Americans and the Morality Debate
With regard to your editorial "Time for Moral Judgment" (Sept. 14), I question two points.
First, your advice to take President Clinton's penitence "at face value" seems questionable given Clinton's record and rings of a naivete uncharacteristic of your usual deep and probing thinking. Is it really sound advice that the American public take at "face value" the "penitence" of a man whose public record gives evidence of penitences consistently more political than sincere?
Second, your statement that Congress will "rightfully keep an ear to the public's sentiments" is a little ambiguous. Are you advocating Congress follow the opinion polls in basing their decisions? Or should the Congress follow the evidence, the law, and their conscience, and let public sentiment hopefully follow their moral and legal leadership?
The proper role of public sentiment on congressional action is a major issue; I wish you would address it in more depth.
Don R. Adams
Sugar Land, Texas
Many thanks for the editorial "From Now Until 2000" (Sept. 15) pointing out that we ought to "ponder the national morality rating." Sadly, we Americans have indeed lowered our standards.
Perhaps we should ask - is it really possible, is it wise, to put Clinton's actions behind us and move on with him as president? The practice of lying he has built up over the years clearly clouds his judgment. World issues at this time call for the utmost in clear-headed thinking. We should feel confident, not embarrassed and concerned, when our president speaks and acts on our behalf.
Pastoral help for caregivers
I have read with empathy the article "Family Caregivers - 'Everyday Heroes' Need Help" (Sept. 16). But as an ordained clergyperson, I find some difficulty in family caregiver Carol Levine's logic. "There is a kind of vacuum in the response of the faith communities to caregiving," she says, noting that in her conversations with caregivers, "no one mentioned organized religious institutions or clergy as a source of solace or assistance."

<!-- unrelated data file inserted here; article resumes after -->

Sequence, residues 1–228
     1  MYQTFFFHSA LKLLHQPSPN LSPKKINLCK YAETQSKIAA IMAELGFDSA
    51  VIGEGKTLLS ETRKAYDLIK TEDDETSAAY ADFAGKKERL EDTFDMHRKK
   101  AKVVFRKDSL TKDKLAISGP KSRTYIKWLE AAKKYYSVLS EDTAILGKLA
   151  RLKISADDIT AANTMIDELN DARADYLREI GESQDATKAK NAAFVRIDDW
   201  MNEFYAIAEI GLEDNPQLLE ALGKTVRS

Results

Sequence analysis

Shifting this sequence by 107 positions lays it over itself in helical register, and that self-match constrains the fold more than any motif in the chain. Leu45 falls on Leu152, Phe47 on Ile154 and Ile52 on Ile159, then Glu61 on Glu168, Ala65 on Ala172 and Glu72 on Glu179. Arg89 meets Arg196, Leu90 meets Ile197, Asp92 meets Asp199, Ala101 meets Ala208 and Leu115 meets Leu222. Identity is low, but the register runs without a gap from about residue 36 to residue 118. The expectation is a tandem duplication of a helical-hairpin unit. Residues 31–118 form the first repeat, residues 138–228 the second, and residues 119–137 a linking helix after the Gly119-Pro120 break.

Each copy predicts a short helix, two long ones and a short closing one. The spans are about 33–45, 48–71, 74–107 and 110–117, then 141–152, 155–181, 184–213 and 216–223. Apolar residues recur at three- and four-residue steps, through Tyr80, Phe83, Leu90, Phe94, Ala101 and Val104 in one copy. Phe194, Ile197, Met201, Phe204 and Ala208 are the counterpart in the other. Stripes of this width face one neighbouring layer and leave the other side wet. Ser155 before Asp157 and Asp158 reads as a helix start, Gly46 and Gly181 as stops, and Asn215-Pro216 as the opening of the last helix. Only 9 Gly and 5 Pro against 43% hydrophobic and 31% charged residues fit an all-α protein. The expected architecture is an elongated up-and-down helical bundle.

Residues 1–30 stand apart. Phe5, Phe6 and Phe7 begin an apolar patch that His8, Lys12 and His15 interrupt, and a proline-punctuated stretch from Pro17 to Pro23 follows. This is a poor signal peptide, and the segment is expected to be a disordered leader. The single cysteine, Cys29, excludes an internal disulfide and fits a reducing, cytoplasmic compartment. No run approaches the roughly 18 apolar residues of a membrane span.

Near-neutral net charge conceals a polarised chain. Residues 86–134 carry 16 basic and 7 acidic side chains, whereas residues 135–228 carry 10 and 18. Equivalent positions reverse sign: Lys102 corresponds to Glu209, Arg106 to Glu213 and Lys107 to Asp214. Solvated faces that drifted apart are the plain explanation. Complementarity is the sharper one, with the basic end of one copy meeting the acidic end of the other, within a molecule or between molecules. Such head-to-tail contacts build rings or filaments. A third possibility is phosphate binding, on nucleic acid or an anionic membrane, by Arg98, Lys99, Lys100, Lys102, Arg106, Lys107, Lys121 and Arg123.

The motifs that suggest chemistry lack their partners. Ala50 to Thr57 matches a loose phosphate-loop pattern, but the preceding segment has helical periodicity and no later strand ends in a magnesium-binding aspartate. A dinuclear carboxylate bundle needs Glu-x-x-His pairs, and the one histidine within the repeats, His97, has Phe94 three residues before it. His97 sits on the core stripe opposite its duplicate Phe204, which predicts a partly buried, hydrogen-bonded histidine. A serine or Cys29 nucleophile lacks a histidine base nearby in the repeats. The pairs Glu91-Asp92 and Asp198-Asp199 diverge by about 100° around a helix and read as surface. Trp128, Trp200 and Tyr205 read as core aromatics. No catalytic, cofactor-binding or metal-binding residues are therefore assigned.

Many theological schools have provided the Clinical Pastoral Education program for seminarians and clergy for several decades. Yet, even without such a recognized program, the structure of many local houses of faith is designed to offer comfort in ways befitting the needs that are voiced within their communities. Clergy often volunteer as on-call chaplains in hospitals while the staff chaplains go home for the night. Laity offer various volunteer ministries to hospitals, daycares, and retirement and nursing homes.
Since clergy and houses of worship are involved in these and other types of caring, they seldom have time or funds to advertise these services. Consequently, these caregivers did not know about the availability.
Rev. Michele Scott
Lumping Canada in
In an item showing home market values in "A Week's Worth" (Sept. 8), you note that "Home prices are high across the US." But the chart referred to includes a Canadian city, Vancouver, B.C. As a courtesy to your Canadian readers, and as a matter of accuracy, please don't lump Canadian markets in with those of the US.
The US media make constant reference to "world markets" as the US and everything outside of North America. Canada is America's biggest trade partner, and America has a trade deficit with Canada, but we are still carelessly and constantly being lumped together. This was not one of NAFTA's achievements - a free trade zone does not constitute a single "market," and even if it did, it should not be referred to by anyone as "the US market." Such presumptuous hegemony is rude at best, no matter how benign its intent.
Neil R. Hughes
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